Buyers, sellers and agents are all still figuring out how to move forward in the midst of the coronavirus pandemic, and a new survey from the National Association of Realtors gives a view into how they’re getting that done.
NAR has conducted three coronavirus-related surveys since early April, and its most recent results appeared to have some good news concerning buyer interest, with 35% of respondents reporting a more than 50% decline in buyer interest — that’s down from 45% at the beginning of the month.
Buyers also maintained their largely wait-and-see approach to putting their homes on the market. By the end of April, 51% of respondents said their clients were delaying the process by a couple of months. That’s compared to 32% who said they’re either continuing the process with no change or continuing but relying on virtual communication. Another 9% said they are on an indefinite hiatus.
A similar survey of agents by real estate data research company Point2 Homes, conducted between April 7 and 14, showed that 32% of survey respondents said buyers have put everything on hold, 20% reported over half their clients are waiting, and another 25% noted a significant drop in business.
Meanwhile, sellers held steady over April on price — about three-quarters of NAR respondents said at the beginning and end of the month that their clients are not lowering their price.
Buyers also appear to be adjusting to new safety measures necessary to curb the spread of the virus, according to the NAR survey. At the beginning of the month, 17% of agents said home searches had been postponed due to the need for close person-to-person interactions, but that figure had dropped to 9% by the end of the month.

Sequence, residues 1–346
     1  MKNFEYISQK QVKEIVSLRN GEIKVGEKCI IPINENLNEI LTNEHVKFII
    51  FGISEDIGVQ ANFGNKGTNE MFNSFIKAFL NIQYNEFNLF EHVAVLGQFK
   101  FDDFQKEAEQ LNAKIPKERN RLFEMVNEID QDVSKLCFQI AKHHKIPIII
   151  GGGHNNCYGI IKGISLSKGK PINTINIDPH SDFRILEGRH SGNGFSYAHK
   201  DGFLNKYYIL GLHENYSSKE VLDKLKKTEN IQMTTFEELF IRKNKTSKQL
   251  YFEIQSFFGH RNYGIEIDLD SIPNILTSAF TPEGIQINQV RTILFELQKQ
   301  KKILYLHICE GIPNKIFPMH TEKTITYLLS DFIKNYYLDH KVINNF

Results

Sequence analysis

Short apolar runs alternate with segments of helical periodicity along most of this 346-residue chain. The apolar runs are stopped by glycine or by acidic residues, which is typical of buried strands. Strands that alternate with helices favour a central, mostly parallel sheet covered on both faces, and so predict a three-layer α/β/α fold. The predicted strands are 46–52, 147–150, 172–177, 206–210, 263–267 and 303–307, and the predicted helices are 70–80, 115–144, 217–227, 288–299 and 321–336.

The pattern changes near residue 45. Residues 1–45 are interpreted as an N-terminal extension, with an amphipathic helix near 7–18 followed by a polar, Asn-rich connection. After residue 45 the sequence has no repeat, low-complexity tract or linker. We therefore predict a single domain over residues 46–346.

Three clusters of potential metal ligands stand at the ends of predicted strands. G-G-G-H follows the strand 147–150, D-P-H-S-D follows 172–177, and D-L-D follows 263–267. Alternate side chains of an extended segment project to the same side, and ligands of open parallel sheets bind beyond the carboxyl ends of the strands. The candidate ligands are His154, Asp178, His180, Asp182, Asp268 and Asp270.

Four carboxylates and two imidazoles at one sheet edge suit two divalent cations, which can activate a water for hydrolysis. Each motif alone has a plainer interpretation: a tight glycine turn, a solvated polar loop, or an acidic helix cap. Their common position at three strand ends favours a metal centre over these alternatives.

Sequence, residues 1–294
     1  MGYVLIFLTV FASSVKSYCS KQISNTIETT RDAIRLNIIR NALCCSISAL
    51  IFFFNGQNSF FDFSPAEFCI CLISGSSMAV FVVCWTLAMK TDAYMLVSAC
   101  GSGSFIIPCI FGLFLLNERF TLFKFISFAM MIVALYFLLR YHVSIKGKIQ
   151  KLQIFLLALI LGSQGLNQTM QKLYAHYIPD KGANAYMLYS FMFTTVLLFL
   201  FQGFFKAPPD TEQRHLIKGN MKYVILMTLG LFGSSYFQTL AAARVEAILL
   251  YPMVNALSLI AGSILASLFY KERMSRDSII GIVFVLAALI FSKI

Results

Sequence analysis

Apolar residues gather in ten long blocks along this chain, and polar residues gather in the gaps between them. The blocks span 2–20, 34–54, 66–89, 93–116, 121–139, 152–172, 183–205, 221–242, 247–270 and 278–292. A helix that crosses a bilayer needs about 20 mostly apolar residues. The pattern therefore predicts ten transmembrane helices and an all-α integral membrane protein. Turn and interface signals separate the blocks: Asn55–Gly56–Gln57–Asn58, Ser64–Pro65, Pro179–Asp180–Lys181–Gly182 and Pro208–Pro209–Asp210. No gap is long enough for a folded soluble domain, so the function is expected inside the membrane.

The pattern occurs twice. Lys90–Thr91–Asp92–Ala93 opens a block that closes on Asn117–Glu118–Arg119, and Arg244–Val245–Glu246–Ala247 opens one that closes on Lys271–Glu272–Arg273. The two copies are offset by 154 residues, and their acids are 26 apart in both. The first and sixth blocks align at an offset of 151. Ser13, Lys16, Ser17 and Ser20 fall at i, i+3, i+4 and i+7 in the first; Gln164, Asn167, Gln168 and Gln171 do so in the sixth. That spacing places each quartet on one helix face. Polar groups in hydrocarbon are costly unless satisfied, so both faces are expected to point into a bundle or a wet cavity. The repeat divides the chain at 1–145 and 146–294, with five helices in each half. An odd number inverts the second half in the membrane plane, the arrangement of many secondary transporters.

That backs up another statistic from the report that shows that agents are seeing fewer buyers delaying their searches today. Fifty-nine percent reported clients delaying their search at the beginning of April, but by the end of the month, only 43% were delaying their search.
“One in five potential buyers have dropped out of the market due to job loss concerns; hopes are the massive financial stimulus package can help replace a good portion of lost income until the economy steadily reopens,” NAR Chief Economist Lawrence Yun said in a press release. “More home sellers are needed to relieve the acute inventory shortage.”
The NAR survey also showed individual landlords are having an increasingly easier time collecting rent since the initial shock of the coronavirus crisis, but the same cannot be said of property managers.
Individual landlords have consistently done better than property managers in collecting rent over the month. In the first week of April, landlords said rents were being paid on time 56% of the time, compared to 33% of property managers. Those numbers had jumped to 61% and 42%, respectively, by the end of the month, according to the survey.